One year later...
And here we are, one year later.
If you are groping for markers by which to measure how profoundly we have been changed since Inauguration Day, here's one you might want to consider:
In January of 1998, reports surfaced of a sexual affair between President Bill Clinton and a 24-year-old White House intern. It would mushroom into the biggest story of the year.
In January of 2018, reports surfaced of an alleged payoff by lawyers for the present president to silence a porn star from talking about their alleged sexual affair. It wasn't even the biggest story of the day.
You'd be hard-pressed to find a more visceral illustration of how our sensibilities have been bludgeoned into submission in the last year. Surprises no longer surprise. Shocks no longer shock. We have bumped up against the limits of human bandwidth, and find ourselves unable to take it all in.
One simply cannot keep up with, much less respond with proper outrage to, all of this guy's scandals, bungles, blame-shifting, name-calling and missteps, his sundry acts of mendacity, misanthropy, perversity and idiocy. It's like trying to fill a teacup from Niagara Falls. It's like trying to read the internet.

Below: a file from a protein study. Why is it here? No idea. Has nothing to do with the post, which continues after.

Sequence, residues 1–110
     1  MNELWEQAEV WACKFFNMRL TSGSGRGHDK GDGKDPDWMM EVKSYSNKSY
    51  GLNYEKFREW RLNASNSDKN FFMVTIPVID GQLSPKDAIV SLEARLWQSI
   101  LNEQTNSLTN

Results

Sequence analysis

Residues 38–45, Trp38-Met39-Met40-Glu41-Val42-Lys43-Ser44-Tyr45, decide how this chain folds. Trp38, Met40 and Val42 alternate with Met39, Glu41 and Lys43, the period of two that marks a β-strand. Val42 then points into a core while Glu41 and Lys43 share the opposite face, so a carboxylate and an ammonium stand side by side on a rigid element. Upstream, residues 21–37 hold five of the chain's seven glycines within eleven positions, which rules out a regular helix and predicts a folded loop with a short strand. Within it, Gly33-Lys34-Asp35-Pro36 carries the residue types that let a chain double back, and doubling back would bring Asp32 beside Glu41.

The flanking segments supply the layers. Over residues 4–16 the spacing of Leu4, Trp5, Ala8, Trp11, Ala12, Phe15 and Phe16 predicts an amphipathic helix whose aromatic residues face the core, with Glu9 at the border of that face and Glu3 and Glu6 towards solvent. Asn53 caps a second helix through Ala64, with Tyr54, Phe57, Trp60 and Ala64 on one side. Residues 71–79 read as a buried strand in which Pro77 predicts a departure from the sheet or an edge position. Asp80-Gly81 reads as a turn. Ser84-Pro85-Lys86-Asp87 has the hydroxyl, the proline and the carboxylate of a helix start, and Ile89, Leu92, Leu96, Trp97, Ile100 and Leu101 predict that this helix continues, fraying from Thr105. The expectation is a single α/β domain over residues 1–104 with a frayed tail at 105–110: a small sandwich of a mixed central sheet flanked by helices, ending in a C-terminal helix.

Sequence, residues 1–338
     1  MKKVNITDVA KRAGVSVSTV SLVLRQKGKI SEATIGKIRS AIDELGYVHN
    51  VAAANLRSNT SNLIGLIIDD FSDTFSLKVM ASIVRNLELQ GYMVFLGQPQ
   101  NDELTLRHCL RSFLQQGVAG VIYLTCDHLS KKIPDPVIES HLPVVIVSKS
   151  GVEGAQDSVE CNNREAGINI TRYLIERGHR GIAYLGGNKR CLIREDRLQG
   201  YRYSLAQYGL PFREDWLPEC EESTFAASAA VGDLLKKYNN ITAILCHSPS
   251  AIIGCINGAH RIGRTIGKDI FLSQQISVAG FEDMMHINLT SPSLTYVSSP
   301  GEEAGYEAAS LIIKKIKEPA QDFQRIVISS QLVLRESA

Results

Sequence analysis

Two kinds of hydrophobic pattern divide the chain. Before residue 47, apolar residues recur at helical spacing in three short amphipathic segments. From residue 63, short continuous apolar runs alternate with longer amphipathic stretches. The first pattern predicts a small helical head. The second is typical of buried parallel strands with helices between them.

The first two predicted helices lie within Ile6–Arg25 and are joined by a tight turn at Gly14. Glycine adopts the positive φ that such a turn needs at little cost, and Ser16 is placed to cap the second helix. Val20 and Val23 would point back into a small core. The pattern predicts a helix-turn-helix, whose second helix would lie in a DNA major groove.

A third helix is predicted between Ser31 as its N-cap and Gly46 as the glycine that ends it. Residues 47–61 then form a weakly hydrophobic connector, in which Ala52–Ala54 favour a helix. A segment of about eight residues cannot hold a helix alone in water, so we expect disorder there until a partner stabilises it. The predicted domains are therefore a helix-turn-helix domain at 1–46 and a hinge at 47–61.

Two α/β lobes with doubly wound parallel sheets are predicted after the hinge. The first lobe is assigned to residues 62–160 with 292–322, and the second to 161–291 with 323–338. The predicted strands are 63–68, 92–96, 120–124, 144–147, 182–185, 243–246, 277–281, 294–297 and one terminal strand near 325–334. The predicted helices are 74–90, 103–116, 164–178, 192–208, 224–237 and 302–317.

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One year later, we've seen a procession of feuds that would impress a Hatfield, a McCoy or a '90s rapper, running beefs with Mitch Connell, Elizabeth Warren, Bob Corker, Jeff Flake, Jeff Sessions, Dick Durbin, Colin Kaepernick, James Comey, Joe Scarborough, Mika Brzezinski, CNN, The New York Times and reality, to name just a few.
One year later, the man who promised to "work so hard" for the American people is setting new standards for presidential laziness, a short workday, hours of television and endless golf.
One year later, the man who vowed to bring in "the best people" has hired and fired the sorry likes of Michael Flynn, Sean Spicer, Steve Bannon, Omarosa Manigault Newman, Reince Priebus and Anthony "The Mooch" Scaramucci.
One year later, the man who bragged of having "the best words" has pundits parsing the difference between "s-house" and "s-hole" as descriptors of Africa, El Salvador and Haiti, home, collectively, to about 17 percent of humanity.